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Asheville City Schools Renames Vance Elementary

Asheville City Schools

Vance Elementary School in Asheville will now be named Lucy S. Herring Elementary School, removing the name of North Carolina's Civil War Governor and U.S. Senator during Reconstruction from the building.The Asheville City Board of Education voted unanimously for the name change Monday.  Herring according to the school system was a teacher for 35 years in both Asheville and Buncombe County schools, including at Stephens Lee High School.  Later she was a principal, and an associate professor at Livingstone College in Salisbury, North Carolina, where she was also the director of reading.  

Zebulon Vance, the prior namesake of the school, was North Carolina's Governor during the Civil War and U.S. Senator during Reconstruction until his death in 1894.  In both positions, he fought vehemently against civil rights for Black Americans.  Prior to the war, he and his family enslaved people.  Last summer, Charlotte-Mecklenburg schools decided to rename a high school previously named for Vance.  There are statues of Vance at both the North Carolina and U.S. Capitols, but the most prominent memorial of him is the 65-foot high Vance Monument in downtown Asheville's Pack Square.  Both Asheville and Buncombe County lawmakers voted to remove the monument following the protests after the killing of George Floyd last year.  Details of when that will occur and what will happen to the monument after its removal are still undetermined.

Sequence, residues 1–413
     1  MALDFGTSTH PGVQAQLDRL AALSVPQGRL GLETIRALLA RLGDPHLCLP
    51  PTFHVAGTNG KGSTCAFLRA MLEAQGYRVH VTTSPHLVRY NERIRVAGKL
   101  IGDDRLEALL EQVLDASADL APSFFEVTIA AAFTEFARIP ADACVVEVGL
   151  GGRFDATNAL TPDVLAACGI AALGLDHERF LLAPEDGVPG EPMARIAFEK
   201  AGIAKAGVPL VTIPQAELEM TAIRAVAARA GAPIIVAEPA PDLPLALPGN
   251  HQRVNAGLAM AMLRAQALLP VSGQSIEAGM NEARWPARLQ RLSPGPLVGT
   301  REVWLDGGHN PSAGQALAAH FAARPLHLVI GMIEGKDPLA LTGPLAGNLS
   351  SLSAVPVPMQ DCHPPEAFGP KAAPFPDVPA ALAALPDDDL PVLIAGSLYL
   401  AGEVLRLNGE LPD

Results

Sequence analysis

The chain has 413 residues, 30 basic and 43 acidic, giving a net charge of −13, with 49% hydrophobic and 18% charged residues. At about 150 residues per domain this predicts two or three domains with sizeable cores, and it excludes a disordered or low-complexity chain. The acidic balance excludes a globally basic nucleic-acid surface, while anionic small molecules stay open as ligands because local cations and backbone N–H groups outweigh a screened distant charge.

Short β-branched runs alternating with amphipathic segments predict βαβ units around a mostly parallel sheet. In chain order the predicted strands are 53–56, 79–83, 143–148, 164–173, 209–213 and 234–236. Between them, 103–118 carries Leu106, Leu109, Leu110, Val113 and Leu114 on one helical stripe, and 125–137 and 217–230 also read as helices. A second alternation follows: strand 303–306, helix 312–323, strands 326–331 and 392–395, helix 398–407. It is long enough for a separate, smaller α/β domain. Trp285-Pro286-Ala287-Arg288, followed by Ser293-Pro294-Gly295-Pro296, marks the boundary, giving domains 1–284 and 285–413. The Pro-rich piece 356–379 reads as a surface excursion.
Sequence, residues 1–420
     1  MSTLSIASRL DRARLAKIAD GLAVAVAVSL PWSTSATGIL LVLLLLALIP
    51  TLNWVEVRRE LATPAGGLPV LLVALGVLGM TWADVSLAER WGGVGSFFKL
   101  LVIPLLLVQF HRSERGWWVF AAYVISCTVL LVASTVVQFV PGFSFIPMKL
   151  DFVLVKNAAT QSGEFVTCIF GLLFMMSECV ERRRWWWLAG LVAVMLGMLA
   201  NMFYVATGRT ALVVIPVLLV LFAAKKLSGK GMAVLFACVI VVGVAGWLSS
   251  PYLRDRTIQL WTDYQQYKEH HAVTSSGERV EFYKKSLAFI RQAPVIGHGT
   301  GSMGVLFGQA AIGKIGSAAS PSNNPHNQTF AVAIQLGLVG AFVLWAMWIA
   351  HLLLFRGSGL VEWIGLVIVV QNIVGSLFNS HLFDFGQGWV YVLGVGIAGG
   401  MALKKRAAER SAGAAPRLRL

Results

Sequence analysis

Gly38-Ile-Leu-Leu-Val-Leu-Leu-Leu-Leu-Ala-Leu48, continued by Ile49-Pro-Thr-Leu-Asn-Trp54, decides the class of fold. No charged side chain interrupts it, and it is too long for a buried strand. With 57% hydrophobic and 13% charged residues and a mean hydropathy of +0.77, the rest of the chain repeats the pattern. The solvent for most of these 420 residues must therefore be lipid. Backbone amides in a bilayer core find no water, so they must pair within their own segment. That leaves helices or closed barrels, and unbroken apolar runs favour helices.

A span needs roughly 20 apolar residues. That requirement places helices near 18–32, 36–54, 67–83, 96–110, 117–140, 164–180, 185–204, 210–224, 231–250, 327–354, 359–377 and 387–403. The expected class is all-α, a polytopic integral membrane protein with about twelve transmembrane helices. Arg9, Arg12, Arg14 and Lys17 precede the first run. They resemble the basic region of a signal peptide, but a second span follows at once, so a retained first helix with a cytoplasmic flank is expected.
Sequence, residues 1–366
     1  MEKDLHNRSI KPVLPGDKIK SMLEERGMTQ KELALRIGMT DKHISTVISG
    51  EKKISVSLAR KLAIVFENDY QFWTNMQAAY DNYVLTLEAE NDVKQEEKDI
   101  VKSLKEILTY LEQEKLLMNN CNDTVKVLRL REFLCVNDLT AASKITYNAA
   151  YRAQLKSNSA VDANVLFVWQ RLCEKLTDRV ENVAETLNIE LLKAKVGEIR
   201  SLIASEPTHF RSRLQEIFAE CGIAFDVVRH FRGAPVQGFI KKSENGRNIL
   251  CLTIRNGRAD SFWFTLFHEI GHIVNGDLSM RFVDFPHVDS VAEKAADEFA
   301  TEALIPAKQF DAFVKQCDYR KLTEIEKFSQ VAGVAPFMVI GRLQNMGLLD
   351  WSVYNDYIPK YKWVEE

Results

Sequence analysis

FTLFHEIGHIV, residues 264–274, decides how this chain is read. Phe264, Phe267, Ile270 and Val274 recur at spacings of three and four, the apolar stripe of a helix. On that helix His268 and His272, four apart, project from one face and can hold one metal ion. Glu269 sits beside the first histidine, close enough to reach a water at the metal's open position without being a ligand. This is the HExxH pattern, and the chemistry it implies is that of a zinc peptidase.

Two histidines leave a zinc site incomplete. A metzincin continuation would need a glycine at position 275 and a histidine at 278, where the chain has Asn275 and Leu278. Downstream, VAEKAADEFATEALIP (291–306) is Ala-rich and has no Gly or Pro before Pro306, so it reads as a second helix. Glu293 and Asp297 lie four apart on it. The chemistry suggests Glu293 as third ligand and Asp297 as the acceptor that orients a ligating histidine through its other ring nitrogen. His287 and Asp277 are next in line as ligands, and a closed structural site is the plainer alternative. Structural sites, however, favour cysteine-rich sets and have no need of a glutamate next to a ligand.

Matt Bush joined Blue Ridge Public Radio as news director in August 2016. Excited at the opportunity the build up the news service for both stations as well as help launch BPR News, Matt made the jump to Western North Carolina from Washington D.C. For the 8 years prior to coming to Asheville, he worked at the NPR member station in the nation's capital as a reporter and anchor. Matt primarily covered the state of Maryland, including 6 years of covering the statehouse in Annapolis. Prior to that, he worked at WMAL in Washington and Metro Networks in Pittsburgh, the city he was born and raised in.
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